When you have a child with someone, you are forever linked to them. While your relationship may not have worked out, for the child’s sake, it’s important to learn how to successfully co-parent together. Below are some tips for how to co-parent for the sake of the person most important: the child.
Be open with communication. Provide accurate, complete, and timely information to the other parent when it comes to your children. Don’t keep the other parent in the dark. It’s important your communication about the children is free and open. Consider using a communication tool like www.talkingparents.com to help facilitate that communication.
Practice the Golden Rule. Lead by example. Treat the other parent the way you want to be treated. Give the other parent the information you want to receive. Show up on time if you’d like the other parent to do the same.
Encourage a relationship with the other parent. It’s important for children to have a relationship with both parents. Just because your relationship with your co-parent did not work out doesn’t mean your child’s relationship with their other parent should have to suffer too. It takes a concerned and wise parent to encourage contact between the child and the other parent. Personal bitterness has to be set aside and activities with both parents should be encouraged.
Encourage the discussion of feelings. The open expression of feelings tends to create a healthier environment. But freedom of speech does not mean freedom to insult or punish. Anger should be talked about, not acted out. This goes for both the parents and the children.
Consider the other parent’s point of view. Listen to what the other parent has to say, no matter how ridiculous it sounds, and take a breath. Ask yourself if there is some truth to their concern. Sometimes taking a step back can help you see more clearly. Remember, your co-parent’s most important concern is likely the same as yours: your children. Remember in that sense, you’re both on the same team.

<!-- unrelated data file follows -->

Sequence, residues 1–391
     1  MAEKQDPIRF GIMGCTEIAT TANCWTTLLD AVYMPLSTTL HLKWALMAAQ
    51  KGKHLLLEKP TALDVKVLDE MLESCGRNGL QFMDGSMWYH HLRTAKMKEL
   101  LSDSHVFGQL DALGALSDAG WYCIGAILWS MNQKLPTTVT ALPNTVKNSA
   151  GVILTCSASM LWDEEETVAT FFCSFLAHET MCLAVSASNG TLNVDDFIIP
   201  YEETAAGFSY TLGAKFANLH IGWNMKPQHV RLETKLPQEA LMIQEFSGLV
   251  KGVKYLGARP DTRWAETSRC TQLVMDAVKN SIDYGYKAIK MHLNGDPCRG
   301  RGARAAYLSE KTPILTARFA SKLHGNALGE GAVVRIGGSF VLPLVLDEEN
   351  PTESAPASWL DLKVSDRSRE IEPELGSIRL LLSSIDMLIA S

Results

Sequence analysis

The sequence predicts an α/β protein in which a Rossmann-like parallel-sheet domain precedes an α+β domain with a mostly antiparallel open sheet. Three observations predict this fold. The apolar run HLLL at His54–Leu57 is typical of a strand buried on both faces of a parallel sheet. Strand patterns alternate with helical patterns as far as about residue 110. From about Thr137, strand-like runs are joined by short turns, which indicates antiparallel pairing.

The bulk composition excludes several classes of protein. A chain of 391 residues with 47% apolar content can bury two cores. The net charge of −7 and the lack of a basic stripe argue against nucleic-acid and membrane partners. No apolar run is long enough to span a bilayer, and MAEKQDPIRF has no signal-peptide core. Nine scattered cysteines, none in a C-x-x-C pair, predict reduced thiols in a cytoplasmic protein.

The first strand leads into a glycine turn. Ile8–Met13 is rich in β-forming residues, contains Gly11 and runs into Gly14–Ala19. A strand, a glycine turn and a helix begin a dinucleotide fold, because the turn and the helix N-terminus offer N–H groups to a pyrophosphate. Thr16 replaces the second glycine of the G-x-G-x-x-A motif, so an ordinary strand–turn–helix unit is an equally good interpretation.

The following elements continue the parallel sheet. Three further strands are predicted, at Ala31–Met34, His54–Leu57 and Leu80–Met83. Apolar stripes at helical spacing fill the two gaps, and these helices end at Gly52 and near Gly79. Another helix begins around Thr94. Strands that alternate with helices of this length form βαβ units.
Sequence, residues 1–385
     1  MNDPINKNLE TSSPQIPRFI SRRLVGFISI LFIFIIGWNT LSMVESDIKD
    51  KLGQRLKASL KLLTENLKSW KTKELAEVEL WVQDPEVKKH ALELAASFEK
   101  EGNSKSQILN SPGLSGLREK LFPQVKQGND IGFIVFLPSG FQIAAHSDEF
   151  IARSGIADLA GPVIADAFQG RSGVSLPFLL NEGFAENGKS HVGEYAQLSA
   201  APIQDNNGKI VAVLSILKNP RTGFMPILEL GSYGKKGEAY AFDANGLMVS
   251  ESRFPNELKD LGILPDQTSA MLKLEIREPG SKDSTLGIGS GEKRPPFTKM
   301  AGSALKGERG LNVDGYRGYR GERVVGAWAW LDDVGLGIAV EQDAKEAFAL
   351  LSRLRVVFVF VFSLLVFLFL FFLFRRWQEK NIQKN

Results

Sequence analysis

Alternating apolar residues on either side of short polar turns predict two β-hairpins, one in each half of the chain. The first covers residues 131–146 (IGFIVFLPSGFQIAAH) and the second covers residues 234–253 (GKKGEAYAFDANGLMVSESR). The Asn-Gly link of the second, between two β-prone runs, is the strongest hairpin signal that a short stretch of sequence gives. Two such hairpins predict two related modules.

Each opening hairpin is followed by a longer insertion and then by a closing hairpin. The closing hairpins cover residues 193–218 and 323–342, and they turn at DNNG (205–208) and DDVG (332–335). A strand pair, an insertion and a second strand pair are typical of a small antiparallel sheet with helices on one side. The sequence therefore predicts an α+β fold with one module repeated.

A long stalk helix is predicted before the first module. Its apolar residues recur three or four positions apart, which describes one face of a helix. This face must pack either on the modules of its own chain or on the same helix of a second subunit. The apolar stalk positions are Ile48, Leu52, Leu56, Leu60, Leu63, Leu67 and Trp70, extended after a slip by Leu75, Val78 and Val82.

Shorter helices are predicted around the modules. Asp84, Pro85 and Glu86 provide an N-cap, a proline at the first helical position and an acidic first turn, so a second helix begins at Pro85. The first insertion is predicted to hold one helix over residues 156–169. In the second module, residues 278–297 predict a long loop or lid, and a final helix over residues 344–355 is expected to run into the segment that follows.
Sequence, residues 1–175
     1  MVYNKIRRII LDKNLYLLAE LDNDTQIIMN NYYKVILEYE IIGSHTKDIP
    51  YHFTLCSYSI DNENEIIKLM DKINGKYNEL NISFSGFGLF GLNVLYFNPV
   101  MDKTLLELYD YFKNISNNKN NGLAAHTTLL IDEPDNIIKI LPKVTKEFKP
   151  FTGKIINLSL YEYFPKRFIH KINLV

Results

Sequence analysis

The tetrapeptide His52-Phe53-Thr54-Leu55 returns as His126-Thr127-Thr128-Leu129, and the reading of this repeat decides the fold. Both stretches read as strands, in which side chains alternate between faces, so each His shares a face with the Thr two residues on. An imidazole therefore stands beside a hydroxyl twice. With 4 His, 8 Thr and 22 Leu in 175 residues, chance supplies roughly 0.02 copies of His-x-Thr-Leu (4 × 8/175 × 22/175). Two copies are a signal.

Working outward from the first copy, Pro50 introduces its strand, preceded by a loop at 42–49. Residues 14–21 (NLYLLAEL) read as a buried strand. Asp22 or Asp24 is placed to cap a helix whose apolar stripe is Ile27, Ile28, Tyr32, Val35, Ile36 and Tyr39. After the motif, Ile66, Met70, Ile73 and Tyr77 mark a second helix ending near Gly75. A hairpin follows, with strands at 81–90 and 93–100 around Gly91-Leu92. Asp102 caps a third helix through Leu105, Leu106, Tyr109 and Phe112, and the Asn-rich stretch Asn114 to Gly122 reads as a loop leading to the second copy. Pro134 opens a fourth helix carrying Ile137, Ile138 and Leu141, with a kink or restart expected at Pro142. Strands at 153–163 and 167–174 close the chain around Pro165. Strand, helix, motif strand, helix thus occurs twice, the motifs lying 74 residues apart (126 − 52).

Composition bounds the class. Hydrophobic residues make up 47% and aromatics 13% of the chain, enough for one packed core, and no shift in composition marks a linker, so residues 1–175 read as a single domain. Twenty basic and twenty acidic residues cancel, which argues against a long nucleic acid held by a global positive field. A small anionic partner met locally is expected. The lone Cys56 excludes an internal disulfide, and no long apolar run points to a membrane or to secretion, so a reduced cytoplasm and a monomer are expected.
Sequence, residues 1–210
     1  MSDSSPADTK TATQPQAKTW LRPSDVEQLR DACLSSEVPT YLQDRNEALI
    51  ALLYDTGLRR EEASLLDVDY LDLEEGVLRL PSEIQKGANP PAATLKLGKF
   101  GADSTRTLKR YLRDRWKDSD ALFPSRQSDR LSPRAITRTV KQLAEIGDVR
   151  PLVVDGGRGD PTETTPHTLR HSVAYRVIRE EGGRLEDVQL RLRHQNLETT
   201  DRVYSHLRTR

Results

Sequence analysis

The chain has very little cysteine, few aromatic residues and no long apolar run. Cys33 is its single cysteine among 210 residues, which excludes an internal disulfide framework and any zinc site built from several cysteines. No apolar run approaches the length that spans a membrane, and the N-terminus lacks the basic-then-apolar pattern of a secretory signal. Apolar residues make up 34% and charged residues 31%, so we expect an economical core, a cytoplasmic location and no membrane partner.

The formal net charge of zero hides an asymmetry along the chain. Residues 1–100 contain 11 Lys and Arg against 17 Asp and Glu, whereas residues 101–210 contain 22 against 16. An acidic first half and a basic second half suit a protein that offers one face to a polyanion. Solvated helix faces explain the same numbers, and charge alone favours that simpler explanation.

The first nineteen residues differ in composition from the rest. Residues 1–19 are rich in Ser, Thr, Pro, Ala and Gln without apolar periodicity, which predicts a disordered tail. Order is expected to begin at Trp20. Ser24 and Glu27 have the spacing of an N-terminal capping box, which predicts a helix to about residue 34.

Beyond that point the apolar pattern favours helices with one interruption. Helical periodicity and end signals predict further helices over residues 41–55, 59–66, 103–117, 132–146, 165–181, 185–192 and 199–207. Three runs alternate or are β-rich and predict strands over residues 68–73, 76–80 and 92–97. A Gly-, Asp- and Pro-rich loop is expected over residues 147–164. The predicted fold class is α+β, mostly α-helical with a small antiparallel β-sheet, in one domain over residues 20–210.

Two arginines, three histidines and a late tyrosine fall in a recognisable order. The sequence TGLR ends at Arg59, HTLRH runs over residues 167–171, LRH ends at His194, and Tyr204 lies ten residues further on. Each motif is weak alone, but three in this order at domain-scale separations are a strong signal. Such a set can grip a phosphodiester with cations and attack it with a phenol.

Be flexible. Be willing to compromise some of your demands and, if necessary, negotiate for others. Do not surrender all your rights, but choose your battles carefully. Don’t make a point just for the principle of it or to rub it in the co-parent’s face. Conflicts with your co-parent will always affect your children. They feel the tension and that will interfere with the quality of the visits.
Don’t bad-mouth the other parent. Children don’t want to hear bad things about either of their parents, and they especially do not want to take sides. No purpose is served in criticizing the other parent to your children.
Don’t use your children as spies. Children should be given the freedom to enjoy each parent without hindrance or fear of being cross-examined. Children become angry when asked to spy and can easily withdraw from both parents.
Don’t use your children to carry messages. There is usually a period of time following separation or divorce when one parent is afraid to encounter the other, either for fear of letting out feelings of bitterness or for fear of what the other parent will do or say. Under these conditions, a parent may become cowardly and hide behind the children. “Tell your father he hasn’t sent the check yet,” or “Ask your mother if you can go fishing with me next week.” These messages place your child in an uncomfortable position. The child will usually come to resent both parents for having to carry messages. To avoid alienating your children, do your own dirty work! Be courageous and assertive. Speak directly to your co-parent.
Don’t use your children to get back at the other parent. Purposefully being late to drop the children off to get back at your co-parent is not appropriate or healthy. Your children will pick up on this and it will negatively affect them. Speak to your co-parent in private about concerns you may have. Do not use your children as pawns. They deserve better than that.
If you’d like to learn more about parenting plans and schedules in Colorado, schedule a free consultation today. I offer flat fee rates for custody cases, drafting of parenting plans, or review of an existing plan.
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Lauren Lester is an affordable family law, estate planning, and probate lawyer licensed in Colorado.